Regulators may leave bank mergers in limbo
Mergers and acquisitions have been a backbone of financial services, a strategic tool that helps big companies get bigger and small businesses get big, finally.
At a high level, mergers and acquisitions can be seen as a direct answer to this age-old question of build versus buy, in this case, firmly in favor of “buying”. By putting the money (or debt) to close one deal, a bank that enters into another, or pools its resources in a merger, can gain access to technology or a desirable demographic that would otherwise only be acquired. with the passage of time and maybe even trial and error.
Bank merger regulations appear to be the subject of further scrutiny, but there also appears to be internal feuds between regulators, which may darken the picture surrounding the transactions themselves a bit.
As reported by sites such as the Wall Street Journal, there is at least some partisanship involved here. The Journal reported that Democratic members of the Federal Deposit Insurance Corp. (FDIC) “are pushing to review regulations” related to larger banking transactions.
And in a twist that has surfaced in recent days, three Democratic members had sought to initiate a regulatory review that was not expressly supported by FDIC President Jelena McWilliams. This trio included the director of the Consumer Financial Protection Bureau, Rohit Chopra, Acting Currency Comptroller Michael Hsu and Martin Gruenberg. The Journal noted that Chopra, Hsu and Gruenberg voted privately to support the revision.
“The three-member decision is a signal that Democrats are trying to set the FDIC’s agenda and are not waiting for Ms. McWilliams’ term to expire in 2023,” the Journal reported.
Leaving politics aside for a moment, it is worth considering the joint statement released last week by Chopra and Gruenberg. In addition to the (allegedly) one-sided assertion in the document that the FDIC board approved a request for information and comment on the rules and policies related to bank merger operations, we find that “although there has been significant consolidation in the banking sector Over the past 30 years, fueled in large part by mergers and acquisitions, there has been no meaningful review of the implementation of the Bank Merger Act by agencies during this period. “
Against this background, the number of insured deposit-taking institutions with assets exceeding $ 100 billion stood at 33 last year, compared with a single entity of this size in 1990.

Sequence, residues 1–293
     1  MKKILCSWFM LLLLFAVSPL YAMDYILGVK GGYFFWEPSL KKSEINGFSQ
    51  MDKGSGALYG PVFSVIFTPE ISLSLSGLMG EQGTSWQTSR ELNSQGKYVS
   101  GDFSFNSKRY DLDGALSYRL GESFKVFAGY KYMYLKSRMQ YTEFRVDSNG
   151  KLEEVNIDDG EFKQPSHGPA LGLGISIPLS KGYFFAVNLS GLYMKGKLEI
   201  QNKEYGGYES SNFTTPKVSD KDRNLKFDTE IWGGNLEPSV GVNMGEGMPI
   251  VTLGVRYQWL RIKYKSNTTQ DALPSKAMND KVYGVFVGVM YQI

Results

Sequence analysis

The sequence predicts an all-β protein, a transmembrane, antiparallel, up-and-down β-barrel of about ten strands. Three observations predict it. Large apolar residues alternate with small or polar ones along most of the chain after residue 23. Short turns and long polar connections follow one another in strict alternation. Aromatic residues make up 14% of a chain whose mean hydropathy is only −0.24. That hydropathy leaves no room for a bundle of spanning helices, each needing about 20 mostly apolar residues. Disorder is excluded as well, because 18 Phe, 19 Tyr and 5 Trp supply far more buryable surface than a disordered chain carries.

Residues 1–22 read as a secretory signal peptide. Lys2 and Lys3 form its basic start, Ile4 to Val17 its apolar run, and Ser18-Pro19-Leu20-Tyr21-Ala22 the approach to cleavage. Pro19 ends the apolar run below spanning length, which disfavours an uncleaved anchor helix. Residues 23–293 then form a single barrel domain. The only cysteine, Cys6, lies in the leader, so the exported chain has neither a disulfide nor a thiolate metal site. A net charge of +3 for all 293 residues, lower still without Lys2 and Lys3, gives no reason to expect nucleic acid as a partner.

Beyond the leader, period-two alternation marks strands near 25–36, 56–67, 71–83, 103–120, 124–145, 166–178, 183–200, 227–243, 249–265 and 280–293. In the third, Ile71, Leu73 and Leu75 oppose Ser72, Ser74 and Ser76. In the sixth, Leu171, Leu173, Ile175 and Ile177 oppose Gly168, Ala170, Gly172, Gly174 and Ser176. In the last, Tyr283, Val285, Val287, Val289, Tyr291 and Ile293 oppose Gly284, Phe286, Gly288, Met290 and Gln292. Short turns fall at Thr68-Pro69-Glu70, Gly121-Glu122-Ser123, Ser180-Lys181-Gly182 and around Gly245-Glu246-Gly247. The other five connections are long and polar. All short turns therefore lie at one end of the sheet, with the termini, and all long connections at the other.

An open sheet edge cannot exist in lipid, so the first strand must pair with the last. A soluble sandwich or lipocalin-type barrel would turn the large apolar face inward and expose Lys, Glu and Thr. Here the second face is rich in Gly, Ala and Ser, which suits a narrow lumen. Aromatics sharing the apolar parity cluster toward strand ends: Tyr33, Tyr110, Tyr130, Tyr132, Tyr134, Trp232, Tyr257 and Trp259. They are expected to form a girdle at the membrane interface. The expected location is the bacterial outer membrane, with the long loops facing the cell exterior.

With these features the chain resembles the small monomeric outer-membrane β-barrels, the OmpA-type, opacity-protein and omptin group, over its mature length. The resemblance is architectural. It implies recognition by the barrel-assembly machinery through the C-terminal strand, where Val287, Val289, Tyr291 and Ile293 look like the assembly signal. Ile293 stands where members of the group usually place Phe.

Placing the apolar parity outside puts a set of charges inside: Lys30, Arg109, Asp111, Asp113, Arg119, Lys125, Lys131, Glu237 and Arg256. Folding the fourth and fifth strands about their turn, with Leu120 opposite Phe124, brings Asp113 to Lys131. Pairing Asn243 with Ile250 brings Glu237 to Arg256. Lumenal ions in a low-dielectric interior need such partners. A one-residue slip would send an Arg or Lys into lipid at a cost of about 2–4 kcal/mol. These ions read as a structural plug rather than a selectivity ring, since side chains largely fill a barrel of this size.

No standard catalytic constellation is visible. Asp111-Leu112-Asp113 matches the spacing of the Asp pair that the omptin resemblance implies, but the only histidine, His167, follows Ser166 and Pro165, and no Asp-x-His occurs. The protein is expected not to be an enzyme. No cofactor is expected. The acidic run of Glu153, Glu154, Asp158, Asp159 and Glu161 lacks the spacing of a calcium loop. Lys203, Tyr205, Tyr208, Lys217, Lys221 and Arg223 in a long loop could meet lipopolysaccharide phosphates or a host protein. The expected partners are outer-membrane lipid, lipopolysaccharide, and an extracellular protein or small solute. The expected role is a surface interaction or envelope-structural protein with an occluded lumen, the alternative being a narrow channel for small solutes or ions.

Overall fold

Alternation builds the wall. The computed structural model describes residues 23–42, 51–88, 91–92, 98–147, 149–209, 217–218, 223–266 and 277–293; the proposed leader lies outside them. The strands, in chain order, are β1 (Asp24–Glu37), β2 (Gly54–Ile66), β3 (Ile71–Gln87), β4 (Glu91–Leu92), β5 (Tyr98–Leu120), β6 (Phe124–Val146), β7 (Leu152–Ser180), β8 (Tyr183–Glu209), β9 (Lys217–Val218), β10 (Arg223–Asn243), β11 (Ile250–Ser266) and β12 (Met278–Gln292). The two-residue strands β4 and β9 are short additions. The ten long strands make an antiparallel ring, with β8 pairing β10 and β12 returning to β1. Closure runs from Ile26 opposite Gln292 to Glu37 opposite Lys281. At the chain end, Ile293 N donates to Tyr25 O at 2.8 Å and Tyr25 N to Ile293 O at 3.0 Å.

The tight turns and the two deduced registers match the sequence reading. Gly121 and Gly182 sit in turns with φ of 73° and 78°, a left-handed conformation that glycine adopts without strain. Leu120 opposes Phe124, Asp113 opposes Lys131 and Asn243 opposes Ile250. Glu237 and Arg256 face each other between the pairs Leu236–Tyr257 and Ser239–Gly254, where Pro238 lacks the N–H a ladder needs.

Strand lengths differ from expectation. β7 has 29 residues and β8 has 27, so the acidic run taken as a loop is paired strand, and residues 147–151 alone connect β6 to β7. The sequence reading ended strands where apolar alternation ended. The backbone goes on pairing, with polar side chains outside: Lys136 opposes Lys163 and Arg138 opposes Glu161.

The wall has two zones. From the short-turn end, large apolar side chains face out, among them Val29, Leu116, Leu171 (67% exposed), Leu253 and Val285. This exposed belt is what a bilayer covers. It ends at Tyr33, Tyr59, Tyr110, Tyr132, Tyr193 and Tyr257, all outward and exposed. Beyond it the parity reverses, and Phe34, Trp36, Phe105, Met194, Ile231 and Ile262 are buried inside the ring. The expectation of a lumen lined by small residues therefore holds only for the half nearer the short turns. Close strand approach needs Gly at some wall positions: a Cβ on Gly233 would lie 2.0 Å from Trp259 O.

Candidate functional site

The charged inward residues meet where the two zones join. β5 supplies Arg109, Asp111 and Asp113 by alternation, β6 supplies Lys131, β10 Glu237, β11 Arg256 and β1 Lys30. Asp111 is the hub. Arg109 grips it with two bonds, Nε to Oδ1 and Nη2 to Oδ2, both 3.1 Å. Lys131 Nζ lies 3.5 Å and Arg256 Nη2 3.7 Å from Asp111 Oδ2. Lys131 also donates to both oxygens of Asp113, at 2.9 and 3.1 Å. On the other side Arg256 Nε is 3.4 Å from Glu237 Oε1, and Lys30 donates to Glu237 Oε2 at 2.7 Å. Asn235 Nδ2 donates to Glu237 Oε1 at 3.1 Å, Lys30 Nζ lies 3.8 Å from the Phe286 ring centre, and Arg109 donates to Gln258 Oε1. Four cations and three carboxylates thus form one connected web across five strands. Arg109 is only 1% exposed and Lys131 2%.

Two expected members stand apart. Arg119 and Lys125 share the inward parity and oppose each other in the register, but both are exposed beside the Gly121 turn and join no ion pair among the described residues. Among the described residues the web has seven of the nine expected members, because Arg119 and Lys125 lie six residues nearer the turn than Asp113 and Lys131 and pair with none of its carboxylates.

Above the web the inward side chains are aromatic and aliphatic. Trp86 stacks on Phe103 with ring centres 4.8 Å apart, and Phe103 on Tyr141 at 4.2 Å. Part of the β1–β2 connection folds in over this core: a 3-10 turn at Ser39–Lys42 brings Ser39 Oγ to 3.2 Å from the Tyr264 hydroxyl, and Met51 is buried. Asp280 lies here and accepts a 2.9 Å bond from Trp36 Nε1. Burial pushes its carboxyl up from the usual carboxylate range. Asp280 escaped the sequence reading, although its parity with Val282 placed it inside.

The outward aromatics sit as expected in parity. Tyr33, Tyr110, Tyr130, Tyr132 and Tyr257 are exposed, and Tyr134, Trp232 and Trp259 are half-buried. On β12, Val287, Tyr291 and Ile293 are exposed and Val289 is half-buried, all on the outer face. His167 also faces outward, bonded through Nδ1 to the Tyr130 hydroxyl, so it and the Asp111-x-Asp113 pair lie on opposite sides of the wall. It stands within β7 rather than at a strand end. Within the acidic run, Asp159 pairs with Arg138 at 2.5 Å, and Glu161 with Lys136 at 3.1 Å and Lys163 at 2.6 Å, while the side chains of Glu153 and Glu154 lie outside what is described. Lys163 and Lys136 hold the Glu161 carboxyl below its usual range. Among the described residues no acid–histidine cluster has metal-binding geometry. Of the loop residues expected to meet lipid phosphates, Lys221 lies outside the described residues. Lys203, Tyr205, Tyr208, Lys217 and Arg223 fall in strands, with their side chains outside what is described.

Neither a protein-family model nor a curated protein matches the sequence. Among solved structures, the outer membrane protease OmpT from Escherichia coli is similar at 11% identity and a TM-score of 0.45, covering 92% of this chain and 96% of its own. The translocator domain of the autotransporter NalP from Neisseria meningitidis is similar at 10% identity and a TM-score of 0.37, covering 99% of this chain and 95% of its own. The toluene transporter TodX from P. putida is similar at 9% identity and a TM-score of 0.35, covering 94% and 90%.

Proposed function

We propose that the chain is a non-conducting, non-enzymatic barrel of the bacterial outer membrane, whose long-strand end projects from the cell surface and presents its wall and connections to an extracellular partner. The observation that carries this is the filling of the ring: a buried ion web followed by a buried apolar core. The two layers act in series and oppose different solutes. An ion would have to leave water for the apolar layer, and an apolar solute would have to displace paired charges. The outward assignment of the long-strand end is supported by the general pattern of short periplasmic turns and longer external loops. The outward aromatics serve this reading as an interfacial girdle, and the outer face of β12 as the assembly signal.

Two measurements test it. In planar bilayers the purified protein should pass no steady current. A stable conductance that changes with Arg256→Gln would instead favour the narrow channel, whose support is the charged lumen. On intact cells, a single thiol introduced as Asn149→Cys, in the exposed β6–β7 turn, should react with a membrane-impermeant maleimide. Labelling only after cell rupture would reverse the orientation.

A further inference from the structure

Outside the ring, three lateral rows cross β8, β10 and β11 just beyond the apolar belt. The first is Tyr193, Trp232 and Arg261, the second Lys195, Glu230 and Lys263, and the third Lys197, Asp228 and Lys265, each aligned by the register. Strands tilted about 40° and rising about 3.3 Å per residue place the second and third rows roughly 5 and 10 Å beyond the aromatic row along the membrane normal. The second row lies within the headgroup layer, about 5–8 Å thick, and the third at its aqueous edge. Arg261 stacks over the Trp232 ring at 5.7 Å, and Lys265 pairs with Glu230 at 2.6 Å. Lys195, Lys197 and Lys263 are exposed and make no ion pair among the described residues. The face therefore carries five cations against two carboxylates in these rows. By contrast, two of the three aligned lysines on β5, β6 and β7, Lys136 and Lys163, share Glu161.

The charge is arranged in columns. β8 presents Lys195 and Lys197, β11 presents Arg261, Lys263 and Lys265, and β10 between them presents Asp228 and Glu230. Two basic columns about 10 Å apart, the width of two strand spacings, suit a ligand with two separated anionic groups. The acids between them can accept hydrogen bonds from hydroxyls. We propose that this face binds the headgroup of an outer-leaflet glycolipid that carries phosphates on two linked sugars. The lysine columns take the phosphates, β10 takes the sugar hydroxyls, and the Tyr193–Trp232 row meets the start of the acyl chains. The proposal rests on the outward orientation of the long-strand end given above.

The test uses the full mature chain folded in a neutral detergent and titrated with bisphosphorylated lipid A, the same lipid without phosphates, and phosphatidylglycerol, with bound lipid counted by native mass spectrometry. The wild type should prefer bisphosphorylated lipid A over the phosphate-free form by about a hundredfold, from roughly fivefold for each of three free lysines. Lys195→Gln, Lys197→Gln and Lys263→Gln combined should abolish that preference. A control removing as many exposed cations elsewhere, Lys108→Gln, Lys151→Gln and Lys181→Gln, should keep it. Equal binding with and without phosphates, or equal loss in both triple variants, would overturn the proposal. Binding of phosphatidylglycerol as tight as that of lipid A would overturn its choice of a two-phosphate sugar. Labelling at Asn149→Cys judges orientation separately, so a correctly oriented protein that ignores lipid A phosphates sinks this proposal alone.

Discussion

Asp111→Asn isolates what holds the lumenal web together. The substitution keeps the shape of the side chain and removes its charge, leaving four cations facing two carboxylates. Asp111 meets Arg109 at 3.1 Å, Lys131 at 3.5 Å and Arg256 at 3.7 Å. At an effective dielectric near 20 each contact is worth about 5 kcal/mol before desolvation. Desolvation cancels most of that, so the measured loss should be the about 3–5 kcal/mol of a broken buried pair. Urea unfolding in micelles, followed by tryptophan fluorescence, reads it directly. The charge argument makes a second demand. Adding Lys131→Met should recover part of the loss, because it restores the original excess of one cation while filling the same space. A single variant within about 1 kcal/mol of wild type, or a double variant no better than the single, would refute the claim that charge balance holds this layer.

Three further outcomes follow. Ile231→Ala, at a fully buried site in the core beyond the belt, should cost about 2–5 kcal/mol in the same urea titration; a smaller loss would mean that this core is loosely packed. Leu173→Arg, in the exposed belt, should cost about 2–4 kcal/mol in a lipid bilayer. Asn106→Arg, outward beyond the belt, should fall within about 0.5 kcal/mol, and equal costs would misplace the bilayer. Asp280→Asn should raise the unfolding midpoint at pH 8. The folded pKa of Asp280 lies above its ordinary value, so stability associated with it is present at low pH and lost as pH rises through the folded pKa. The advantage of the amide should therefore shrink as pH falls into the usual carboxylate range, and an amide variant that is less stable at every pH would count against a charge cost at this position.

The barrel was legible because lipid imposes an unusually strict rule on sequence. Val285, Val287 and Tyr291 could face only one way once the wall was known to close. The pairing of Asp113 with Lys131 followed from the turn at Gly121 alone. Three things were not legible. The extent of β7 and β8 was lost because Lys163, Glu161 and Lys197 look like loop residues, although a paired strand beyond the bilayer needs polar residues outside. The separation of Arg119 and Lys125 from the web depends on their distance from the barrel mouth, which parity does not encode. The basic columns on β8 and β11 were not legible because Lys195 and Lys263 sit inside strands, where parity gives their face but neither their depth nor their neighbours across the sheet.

These large companies now hold 70% of total industry assets and 66% of deposits.
The FDIC, according to the document, should (because it has not yet done so) “explicitly incorporate the factor of financial stability into its rule or policy statement implementing the Bank Merger Act.” This factor examines the risks to the stability of the financial system as a whole that could result from such mergers. In a look back at the great financial crisis of 2008, said Chopra and Gruenberg, “Experience shows that the consideration of financial stability risk under the Bank Merger Act should not be limited to the world’s largest banks. ‘systemic importance (GSIB)’.
The cascade of acquisitions of failing regional banks and the consolidations that marked the crisis of the last decade “arguably exacerbated concentration” in the banking system and increased the risk of long-term financial stability, according to the note. The letter stated that it should be examined (and asked for comments) whether a transaction creating a financial institution with an asset base above a predetermined level (hypothetically, say $ 100 billion), should be considered to pose a systemic risk. .
“More specifically, the request for comment asks whether clear minimum standards for prudential factors should be established and, if so, which minimum standards for which prudential factors,” wrote Chopra and Gruenberg.
Politics can cloud matters until all FDIC regulators – spanning both political parties – join a unified approach. But the only thing that is in the dark could be the timing … while a close examination of the mergers themselves seems a certainty.